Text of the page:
Such spontaneous symmetry breaking has found further application in elementary particle physics, where its occurrence is related to the appearance of Goldstone bosons. Group (mathematics)_sentence_222

Group (mathematics)_table_general_3

Group (mathematics)_cell_3_0_0 Group (mathematics)_cell_3_0_1 Group (mathematics)_cell_3_0_2 Group (mathematics)_cell_3_0_3 Group (mathematics)_cell_3_0_4
Buckminsterfullerene displays

icosahedral symmetry, though the double bonds reduce this to pyritohedral symmetry.Group (mathematics)_cell_3_1_0

Ammonia, NH3. Its symmetry group is of order 6, generated by a 120° rotation and a reflection.Group (mathematics)_cell_3_1_1 Cubane C8H8 features
octahedral symmetry.Group (mathematics)_cell_3_1_2
Hexaaquacopper(II) complex ion, [Cu(OH2)6]. Compared to a perfectly symmetrical shape, the molecule is vertically dilated by about 22% (Jahn-Teller effect).Group (mathematics)_cell_3_1_3 The (2,3,7) triangle group, a hyperbolic group, acts on this tiling of the hyperbolic plane.Group (mathematics)_cell_3_1_4

Finite symmetry groups such as the Mathieu groups are used in coding theory, which is in turn applied in error correction of transmitted data, and in CD players. Group (mathematics)_sentence_223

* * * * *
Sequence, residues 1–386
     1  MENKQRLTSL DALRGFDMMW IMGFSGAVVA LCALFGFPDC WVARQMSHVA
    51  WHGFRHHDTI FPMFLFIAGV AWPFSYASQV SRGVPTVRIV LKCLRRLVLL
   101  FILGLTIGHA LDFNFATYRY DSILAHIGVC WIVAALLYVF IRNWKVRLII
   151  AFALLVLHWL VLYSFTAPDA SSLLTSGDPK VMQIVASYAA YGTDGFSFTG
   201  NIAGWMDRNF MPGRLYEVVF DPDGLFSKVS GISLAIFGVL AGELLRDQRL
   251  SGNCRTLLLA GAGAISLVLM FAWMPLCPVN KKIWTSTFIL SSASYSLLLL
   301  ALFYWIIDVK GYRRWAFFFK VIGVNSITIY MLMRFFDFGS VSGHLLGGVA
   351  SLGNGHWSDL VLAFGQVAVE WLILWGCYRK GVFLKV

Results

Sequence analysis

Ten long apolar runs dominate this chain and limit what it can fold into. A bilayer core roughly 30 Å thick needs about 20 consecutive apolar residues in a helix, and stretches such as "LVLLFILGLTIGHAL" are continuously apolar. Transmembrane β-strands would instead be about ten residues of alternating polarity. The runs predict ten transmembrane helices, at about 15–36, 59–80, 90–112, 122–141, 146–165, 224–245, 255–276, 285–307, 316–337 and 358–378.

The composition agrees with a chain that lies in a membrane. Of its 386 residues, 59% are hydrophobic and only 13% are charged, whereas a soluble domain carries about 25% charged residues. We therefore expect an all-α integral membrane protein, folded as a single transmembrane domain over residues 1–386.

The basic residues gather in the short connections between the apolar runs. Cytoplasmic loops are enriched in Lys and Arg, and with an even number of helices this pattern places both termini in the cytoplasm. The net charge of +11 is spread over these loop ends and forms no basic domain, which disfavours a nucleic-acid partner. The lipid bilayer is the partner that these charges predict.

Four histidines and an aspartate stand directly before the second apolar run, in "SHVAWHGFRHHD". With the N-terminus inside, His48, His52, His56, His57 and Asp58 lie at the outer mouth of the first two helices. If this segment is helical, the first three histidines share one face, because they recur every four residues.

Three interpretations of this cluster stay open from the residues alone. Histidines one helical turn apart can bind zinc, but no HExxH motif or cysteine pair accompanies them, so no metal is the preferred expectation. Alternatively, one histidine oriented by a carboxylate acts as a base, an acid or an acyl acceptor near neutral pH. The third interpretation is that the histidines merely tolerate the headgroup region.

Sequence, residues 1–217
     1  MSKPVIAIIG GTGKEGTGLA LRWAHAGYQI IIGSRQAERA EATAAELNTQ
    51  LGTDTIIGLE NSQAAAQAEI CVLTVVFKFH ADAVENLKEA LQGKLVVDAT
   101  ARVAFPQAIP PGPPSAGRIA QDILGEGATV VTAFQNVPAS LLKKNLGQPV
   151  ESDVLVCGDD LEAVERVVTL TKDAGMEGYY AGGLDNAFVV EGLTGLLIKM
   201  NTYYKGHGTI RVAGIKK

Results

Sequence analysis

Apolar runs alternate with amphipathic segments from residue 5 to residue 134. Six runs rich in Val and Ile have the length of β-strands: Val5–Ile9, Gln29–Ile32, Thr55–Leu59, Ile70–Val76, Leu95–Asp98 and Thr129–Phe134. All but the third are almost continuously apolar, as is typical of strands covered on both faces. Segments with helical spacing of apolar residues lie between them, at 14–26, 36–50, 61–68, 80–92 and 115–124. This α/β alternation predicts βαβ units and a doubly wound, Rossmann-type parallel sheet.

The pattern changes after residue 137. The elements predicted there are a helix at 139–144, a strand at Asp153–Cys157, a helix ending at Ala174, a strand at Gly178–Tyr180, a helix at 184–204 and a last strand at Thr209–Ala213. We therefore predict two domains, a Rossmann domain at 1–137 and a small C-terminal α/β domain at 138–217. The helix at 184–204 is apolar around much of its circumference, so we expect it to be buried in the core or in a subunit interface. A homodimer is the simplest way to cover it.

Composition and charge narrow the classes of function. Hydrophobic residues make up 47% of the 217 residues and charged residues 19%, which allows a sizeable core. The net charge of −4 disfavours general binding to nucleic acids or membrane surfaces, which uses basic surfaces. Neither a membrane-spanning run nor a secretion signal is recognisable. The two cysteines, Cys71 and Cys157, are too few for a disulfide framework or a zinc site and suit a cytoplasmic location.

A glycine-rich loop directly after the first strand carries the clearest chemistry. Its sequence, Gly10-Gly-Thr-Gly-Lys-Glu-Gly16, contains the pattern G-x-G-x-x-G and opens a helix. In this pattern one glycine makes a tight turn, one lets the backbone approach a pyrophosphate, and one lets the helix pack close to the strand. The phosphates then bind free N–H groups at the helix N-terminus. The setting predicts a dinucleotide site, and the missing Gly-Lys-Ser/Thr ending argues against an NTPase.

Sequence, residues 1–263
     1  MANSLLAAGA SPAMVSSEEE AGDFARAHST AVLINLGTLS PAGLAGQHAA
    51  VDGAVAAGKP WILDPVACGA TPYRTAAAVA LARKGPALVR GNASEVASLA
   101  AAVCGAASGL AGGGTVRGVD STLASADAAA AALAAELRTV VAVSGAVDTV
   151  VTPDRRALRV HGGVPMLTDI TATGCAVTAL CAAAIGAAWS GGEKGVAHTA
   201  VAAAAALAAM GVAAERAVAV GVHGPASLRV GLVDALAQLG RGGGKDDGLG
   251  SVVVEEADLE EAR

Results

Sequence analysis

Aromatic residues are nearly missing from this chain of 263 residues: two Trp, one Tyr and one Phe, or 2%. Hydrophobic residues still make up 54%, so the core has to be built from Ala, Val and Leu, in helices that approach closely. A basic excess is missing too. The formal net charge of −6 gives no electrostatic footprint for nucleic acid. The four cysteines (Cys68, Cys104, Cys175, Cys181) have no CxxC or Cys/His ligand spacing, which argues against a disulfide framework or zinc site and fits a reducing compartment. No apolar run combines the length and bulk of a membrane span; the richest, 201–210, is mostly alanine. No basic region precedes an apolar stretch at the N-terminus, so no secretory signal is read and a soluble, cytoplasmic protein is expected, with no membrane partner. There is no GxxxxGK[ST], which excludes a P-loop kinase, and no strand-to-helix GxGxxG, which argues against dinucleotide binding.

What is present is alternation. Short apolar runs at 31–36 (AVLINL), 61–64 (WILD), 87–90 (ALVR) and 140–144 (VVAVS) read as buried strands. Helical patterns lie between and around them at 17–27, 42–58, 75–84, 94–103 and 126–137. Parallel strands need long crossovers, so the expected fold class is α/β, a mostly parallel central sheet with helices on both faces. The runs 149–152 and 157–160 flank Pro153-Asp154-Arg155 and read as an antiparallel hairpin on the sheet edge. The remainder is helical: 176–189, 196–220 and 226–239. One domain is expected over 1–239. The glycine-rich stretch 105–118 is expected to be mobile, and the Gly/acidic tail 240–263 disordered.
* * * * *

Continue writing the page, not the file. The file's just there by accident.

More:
Another application is differential Galois theory, which characterizes functions having antiderivatives of a prescribed form, giving group-theoretic criteria for when solutions of certain differential equations are well-behaved. Group (mathematics)_sentence_224

Geometric properties that remain stable under group actions are investigated in (geometric) invariant theory. Group (mathematics)_sentence_225

General linear group and representation theory Group (mathematics)_section_21

Main articles: General linear group and Representation theory Group (mathematics)_sentence_226

Matrix groups consist of matrices together with matrix multiplication. Group (mathematics)_sentence_227

The general linear group GL(n, R) consists of all invertible n-by-n matrices with real entries. Group (mathematics)_sentence_228

Its subgroups are referred to as matrix groups or linear groups. Group (mathematics)_sentence_229

The dihedral group example mentioned above can be viewed as a (very small) matrix group. Group (mathematics)_sentence_230

Another important matrix group is the special orthogonal group SO(n). Group (mathematics)_sentence_231

It describes all possible rotations in n dimensions. Group (mathematics)_sentence_232

Via Euler angles, rotation matrices are used in computer graphics. Group (mathematics)_sentence_233

Representation theory is both an application of the group concept and important for a deeper understanding of groups. Group (mathematics)_sentence_234

It studies the group by its group actions on other spaces. Group (mathematics)_sentence_235